Using isolated duodenal cells from spontaneously hypertensive rats (SHR) and their normotensive controls, Wistar-Kyoto rats (WKY), we previously showed that cellular calcium flux was decreased in SHR and that increasing dietary calcium (from 1 to 2%) eliminated strain differences in Ca2+ fluxes. The present study was carried out to investigate the role of calbindin-D9K and calmodulin in the flux difference and dietary calcium effects. Calbindin-D9K and calmodulin were separated by sodium dodecyl sulfate (SDS) gel electrophoresis in duodenal protein extracts of SHR and WKY (12-14 and 24-26 wk old) fed either a 1 or 2% calcium diet and measured by a ligand blotting (45Ca) technique. Young SHR had a significantly lower calbindin-D9K (P < 0.001) than did WKY on either diet. Calmodulin was significantly lower in young SHR than in WKY (P < 0.002). There was no strain difference in calmodulin in older rats fed the normal calcium diet. Calbindin-D9K was significantly decreased by the high-calcium diet in both strains at both ages. There was a significant correlation between duodenal calbindin-D9K and plasma levels of calcitriol (r = +0.80, P < 0.001) in WKY but not in SHR. Calmodulin was significantly decreased by dietary calcium in mature WKY (4.8 ± 0.2 vs. 3.7 ± 0.4 μg/mg cell protein, P < 0.03), demonstrating a potential regulation by dietary calcium of this protein. Finally, there was a significant correlation between calbindin-D9K and calmodulin (r = 0.59, P < 0.001) in WKY but not in SHR. In conclusion, the study points to abnormal regulation of both duodenal calbindin-D9K by calcitriol and duodenal calmodulin by dietary calcium in SHR. These findings probably explain previous observation of a different modulation of calcium fluxes by a high-calcium diet in SHR compared with WKY.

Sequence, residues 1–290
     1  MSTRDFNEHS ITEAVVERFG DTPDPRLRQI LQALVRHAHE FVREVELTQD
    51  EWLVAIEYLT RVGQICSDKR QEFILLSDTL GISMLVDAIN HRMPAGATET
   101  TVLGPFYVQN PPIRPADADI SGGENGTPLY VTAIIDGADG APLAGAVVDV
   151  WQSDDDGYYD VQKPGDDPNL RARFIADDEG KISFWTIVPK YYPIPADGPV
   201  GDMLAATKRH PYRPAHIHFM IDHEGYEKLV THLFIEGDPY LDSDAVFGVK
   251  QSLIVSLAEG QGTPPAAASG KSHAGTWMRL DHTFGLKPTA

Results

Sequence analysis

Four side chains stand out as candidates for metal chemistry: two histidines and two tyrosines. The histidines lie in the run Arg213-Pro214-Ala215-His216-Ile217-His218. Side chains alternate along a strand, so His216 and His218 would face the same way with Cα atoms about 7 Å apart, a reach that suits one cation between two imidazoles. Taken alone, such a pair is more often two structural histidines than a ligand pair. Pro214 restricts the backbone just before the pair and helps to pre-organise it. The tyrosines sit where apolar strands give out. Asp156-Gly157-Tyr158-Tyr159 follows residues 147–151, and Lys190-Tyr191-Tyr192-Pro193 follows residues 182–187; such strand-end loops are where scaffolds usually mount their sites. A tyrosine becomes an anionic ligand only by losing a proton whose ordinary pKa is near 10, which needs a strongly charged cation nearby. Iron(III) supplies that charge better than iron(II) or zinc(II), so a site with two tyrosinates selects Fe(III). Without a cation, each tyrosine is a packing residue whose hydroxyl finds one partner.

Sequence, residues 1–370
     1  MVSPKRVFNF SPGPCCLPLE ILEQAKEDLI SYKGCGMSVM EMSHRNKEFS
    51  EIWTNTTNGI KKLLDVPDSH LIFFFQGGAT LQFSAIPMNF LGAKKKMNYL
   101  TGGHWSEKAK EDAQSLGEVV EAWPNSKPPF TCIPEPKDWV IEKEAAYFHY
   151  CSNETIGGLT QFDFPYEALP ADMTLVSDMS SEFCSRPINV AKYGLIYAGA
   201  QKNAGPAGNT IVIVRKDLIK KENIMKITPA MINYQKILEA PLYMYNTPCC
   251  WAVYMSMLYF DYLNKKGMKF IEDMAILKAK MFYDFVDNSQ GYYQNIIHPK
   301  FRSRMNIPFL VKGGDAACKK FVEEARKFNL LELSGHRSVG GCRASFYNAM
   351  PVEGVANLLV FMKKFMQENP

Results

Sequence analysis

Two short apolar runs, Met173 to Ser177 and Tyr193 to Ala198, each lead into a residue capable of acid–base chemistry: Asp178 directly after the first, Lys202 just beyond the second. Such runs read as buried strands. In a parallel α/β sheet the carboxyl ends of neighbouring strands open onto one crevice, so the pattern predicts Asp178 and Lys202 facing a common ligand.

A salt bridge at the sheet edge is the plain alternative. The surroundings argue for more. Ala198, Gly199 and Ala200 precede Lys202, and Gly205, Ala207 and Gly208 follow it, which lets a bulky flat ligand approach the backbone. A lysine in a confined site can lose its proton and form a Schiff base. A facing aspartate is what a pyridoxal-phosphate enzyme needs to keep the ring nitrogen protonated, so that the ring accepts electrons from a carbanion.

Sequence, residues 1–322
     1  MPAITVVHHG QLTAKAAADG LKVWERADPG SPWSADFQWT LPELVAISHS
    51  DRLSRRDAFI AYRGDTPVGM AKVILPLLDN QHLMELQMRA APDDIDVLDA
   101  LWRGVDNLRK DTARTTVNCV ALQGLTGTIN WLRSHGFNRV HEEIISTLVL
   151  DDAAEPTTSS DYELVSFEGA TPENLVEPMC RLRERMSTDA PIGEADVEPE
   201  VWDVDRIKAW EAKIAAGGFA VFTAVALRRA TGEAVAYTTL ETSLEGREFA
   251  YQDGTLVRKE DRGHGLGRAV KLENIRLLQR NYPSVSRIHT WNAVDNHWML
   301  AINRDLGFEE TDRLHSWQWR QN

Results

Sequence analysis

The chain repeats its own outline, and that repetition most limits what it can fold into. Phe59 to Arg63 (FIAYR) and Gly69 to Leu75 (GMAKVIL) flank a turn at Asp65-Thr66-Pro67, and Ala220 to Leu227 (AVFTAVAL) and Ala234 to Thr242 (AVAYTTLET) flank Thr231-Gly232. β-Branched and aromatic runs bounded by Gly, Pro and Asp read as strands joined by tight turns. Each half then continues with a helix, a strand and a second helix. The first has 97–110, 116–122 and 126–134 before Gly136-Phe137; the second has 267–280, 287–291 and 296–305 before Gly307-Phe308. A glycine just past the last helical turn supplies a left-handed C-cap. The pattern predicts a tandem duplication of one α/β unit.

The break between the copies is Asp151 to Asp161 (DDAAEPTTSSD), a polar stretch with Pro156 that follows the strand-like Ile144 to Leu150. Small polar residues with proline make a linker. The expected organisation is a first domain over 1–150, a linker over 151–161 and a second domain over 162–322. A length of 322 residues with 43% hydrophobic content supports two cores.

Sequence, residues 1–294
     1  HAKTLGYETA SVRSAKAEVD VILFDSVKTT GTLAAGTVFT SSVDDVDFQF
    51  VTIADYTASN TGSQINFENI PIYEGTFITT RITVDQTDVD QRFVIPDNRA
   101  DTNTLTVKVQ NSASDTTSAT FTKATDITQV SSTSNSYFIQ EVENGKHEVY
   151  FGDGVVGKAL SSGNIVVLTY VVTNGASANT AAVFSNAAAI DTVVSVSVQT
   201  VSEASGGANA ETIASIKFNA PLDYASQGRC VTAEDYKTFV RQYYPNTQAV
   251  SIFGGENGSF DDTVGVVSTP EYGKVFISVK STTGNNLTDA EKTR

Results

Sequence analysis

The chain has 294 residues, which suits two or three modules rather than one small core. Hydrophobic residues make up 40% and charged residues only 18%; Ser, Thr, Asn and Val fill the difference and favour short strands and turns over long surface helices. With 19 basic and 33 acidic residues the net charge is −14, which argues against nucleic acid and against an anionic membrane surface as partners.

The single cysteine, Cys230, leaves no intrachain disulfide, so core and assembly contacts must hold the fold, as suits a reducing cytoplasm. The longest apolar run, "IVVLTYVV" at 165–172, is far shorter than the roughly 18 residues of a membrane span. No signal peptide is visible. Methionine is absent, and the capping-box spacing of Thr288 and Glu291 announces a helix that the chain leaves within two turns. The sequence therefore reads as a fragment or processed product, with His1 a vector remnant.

|Original language||English (US)|
|Journal||American Journal of Physiology - Renal Fluid and Electrolyte Physiology|
|Issue number||3 30-3|
|State||Published - Jan 1 1991|
- Ligand blotting
- Spontaneously hypertensive rats
ASJC Scopus subject areas